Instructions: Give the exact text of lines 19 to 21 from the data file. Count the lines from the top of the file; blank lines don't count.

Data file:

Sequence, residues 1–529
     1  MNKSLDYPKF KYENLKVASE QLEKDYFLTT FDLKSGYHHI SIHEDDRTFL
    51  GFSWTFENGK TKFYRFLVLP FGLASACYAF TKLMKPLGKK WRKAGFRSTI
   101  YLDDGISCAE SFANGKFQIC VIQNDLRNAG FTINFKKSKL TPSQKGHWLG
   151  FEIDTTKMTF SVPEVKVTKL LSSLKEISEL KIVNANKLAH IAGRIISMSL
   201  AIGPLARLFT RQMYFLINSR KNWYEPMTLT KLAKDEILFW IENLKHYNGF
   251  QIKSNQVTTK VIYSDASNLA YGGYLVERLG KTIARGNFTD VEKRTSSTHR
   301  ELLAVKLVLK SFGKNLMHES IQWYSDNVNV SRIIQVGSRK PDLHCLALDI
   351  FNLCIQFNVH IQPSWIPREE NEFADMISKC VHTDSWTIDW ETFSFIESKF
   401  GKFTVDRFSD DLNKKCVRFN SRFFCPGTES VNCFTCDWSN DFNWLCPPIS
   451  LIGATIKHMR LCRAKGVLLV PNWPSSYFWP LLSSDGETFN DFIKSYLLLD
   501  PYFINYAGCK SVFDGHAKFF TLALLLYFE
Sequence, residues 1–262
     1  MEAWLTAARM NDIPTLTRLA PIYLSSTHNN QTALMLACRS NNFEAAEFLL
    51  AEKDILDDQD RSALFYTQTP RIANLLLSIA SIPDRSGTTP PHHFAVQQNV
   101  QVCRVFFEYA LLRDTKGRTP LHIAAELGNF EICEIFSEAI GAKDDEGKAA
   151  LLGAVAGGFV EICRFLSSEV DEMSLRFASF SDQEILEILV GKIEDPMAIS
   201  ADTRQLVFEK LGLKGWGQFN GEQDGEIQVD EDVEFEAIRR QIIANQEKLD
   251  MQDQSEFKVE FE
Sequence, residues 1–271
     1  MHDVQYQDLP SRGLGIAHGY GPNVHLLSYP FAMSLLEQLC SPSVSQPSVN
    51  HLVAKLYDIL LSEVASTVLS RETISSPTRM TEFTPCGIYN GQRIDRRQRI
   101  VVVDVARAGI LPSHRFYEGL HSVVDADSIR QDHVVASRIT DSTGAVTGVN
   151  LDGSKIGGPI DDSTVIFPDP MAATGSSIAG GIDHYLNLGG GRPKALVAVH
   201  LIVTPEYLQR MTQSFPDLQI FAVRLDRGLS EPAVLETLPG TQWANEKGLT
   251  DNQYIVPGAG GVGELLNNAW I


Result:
   251  MQDQSEFKVE FE
Sequence, residues 1–271
     1  MHDVQYQDLP SRGLGIAHGY GPNVHLLSYP FAMSLLEQLC SPSVSQPSVN